A blank white-board. Chairs occupied by the passionate and eager students of Advanced Theater 1. Their director, Mr. Campbell Duncan is about to announce their next project. He breaks the nervous energy and the room is suddenly filled with excitement and curiosity. They’re going to be performing a show for the public. But there’s a catch; the class is going to be writing it.
Advanced Theater 1 is a course designed for freshmen who already have a good foundation of the basics of theater. Instead of just performing a pre-written show, the students were challenged to take their knowledge of theater and write their own twist on Charles Dickens’ A Christmas Carol. The class will perform their show on Dec 12 and 13, but that’s not the only reward they’ll get out of the project. They’ve already learned a lot about the playwright process.
“I’ve learned that normal writing is nothing like writing a show, it’s so much different. I’ve definitely learned a lot of the little things and how you’re supposed to do it in more of a ‘talking voice.’ It’s been a good experience,” Advanced Theater 1 student, Tate Daughtery said.
“I feel like it’s important for students to write and workshop their own works because it gives them a much deeper understanding of the story and character building process, as well as a unique sense of whole ownership over the production process,” Duncan said. “It’s also a fun creative exercise that challenges actors especially to think critically about the various facets and conventions of theater, while also considering what they know about performance.”
Along the way, the students have come across some struggles with writing the script for a Christmas show, rather than just a regular essay.
“We had to make sure it wasn’t too cheesy and we had to go back in and make sure what we were saying made sense and fit the characters,” Advanced Theater 1 student, Sierra Trbovich said.
With a class of 20 students, they occasionally had trouble agreeing on the characters, plot, and the way some dialogue was written.
“It’s definitely not easy collaborating with 20 people, especially when we’re writing something we are going to perform for other people, it has to be perfect,” Daughtery said. “And of course, we have Duncan to go over it. It’s just hard collaborating with that many people.”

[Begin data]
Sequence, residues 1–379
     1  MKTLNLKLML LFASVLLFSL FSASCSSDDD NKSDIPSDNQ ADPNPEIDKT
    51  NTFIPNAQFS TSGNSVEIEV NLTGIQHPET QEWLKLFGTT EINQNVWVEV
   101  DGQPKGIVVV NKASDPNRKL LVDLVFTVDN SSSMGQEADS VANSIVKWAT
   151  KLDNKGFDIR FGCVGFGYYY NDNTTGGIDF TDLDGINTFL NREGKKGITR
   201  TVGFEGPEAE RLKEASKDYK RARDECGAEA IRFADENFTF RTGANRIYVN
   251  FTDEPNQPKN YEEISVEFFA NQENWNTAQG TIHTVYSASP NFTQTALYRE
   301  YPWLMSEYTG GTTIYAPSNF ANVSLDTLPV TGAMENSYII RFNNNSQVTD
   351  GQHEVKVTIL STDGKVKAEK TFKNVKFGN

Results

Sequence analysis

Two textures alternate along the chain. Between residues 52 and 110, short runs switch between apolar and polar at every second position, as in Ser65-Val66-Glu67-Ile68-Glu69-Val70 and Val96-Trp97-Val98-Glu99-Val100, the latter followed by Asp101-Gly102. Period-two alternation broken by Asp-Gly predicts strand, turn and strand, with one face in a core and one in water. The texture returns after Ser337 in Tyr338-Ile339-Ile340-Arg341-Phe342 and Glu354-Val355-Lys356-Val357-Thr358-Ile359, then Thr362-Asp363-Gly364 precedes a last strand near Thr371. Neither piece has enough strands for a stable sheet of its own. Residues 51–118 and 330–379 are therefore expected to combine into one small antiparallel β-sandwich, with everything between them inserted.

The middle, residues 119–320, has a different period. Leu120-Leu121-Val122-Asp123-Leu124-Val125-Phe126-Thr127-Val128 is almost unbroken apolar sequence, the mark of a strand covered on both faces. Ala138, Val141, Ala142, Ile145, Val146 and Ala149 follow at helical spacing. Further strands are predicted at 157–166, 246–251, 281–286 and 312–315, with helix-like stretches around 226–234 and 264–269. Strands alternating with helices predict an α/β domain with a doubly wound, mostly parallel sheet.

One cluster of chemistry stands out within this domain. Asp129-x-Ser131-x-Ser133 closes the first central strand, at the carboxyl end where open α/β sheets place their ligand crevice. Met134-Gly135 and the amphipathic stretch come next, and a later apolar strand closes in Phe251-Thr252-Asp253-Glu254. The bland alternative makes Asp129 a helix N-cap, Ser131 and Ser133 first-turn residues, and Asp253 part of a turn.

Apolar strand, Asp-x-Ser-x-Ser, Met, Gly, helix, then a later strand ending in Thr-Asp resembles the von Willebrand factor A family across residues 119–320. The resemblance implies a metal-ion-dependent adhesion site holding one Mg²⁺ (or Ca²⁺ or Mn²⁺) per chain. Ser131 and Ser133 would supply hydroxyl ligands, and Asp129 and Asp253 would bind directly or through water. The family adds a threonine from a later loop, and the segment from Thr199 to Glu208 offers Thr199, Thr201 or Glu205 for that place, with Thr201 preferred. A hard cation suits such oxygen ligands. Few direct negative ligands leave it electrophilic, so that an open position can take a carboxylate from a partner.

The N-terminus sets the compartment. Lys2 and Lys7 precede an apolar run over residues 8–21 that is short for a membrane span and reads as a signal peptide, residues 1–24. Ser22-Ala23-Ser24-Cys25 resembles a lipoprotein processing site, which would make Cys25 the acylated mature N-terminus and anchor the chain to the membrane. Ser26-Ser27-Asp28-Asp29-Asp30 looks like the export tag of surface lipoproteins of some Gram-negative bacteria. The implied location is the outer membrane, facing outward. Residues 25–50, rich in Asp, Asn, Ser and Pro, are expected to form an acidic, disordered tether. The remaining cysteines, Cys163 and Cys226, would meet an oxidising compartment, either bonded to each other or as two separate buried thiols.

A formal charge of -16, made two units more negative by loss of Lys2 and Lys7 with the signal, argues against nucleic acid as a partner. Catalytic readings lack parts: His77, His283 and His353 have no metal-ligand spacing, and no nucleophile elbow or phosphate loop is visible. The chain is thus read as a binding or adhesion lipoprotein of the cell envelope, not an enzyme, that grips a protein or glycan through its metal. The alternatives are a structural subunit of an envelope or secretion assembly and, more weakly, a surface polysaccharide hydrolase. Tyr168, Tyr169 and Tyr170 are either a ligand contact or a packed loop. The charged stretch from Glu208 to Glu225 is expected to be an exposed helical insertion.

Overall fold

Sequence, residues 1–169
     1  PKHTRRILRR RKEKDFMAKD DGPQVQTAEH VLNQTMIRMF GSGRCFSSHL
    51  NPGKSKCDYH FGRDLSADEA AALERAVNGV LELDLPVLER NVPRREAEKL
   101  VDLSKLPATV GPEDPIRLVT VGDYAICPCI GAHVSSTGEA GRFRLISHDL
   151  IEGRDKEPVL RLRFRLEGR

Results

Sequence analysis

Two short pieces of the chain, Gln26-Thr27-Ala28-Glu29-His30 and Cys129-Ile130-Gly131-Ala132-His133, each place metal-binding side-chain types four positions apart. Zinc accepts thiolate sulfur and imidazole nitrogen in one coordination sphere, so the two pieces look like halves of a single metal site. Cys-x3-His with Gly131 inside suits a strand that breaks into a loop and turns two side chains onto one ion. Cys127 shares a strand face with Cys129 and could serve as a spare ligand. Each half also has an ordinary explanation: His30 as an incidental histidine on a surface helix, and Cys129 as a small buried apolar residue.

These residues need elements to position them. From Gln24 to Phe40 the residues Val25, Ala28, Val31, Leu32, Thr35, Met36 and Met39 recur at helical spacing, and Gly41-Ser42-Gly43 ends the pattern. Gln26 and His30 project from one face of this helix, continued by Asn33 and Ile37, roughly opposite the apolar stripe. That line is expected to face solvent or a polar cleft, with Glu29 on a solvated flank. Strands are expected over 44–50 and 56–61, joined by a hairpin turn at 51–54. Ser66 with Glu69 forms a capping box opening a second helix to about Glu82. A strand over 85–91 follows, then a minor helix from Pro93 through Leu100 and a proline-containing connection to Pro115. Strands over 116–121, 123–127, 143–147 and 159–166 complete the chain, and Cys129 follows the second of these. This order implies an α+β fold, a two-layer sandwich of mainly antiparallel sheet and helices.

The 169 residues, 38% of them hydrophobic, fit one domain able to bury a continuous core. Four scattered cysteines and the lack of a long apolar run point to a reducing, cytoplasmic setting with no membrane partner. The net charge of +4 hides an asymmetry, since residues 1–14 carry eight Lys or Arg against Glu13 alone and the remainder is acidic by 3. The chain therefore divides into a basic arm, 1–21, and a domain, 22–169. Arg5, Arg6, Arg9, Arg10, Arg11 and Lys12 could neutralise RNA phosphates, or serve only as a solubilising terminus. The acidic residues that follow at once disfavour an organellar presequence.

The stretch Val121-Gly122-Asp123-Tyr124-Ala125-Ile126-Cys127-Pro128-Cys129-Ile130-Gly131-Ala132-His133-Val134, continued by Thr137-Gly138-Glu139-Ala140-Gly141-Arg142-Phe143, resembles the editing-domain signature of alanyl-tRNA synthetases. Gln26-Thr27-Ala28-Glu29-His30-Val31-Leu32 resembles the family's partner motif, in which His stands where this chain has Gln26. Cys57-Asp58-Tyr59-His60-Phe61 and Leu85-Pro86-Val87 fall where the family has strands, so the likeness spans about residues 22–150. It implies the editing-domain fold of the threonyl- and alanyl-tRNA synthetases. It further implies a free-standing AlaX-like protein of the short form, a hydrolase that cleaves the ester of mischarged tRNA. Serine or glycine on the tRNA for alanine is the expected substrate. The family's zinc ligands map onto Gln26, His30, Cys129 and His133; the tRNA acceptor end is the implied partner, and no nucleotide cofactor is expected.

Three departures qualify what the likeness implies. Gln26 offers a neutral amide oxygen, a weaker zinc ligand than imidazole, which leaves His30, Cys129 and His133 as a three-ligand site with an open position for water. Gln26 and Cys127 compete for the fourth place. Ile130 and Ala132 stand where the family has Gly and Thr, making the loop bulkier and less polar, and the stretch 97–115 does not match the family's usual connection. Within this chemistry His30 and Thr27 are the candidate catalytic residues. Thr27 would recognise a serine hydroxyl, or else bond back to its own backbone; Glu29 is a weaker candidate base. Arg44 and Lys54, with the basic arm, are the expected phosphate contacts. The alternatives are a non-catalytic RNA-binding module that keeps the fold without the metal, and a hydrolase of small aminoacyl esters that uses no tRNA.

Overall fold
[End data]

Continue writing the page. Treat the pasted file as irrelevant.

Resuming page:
“Some people would put in jokes or sentences that should not be there. Having those creative differences really affected stuff, but we always came to an agreement,” Advanced Theater 1 student, Owen Racis said.
The class has enjoyed getting to write their own characters, considering they’re the ones that get to bring them to life.
“It’s cool because when you write the character, you can connect with it a lot easier. And it just feels like it flows better, and it feels like it’s really you,” Racis said.
Not only have the actors worked on the show by writing the script, the students in Advanced Tech 1, a class for freshmen with advanced knowledge of technical theater, have been working to come up with ideas on how to execute the show technically.
“We’ve done a basic set idea and idea boards of what the set could look like; where it could be, what we would need, etc,” Advanced Tech 1 student, Audrey Lorenz said. “And then once we actually get the finalized script, we can actually start looking for props, building the actual set, then working with lights and sound.”
Advanced Theater 1 had to make sure that the show they wrote kept the spirit of the original A Christmas Carol. They took the original characters, plot, and conflict and made them more modernized.
“I decided to challenge my students to twist Charles Dickens’ ‘A Christmas Carol’ because I’m fascinated by the story: a terrible dude who doesn’t deserve a second chance from anyone has the opportunity to look back over his life, realizes the error of his ways, makes good, and is beloved by everyone,” Duncan said, “It’s not all-together practical, but it does hold a certain ‘magic of Christmas’ value.”
The students of both Advanced Theatre 1 and Advanced Tech 1 are looking forward to sharing their creation with the public and spreading Christmas cheer with those who need it.
Duncan said, “With some guidance and nudging, they’ve created a really fun Christmas story that is both familiar and entirely new. That’s an exciting way to finish a semester.”
By Taylor Barnett, Contributor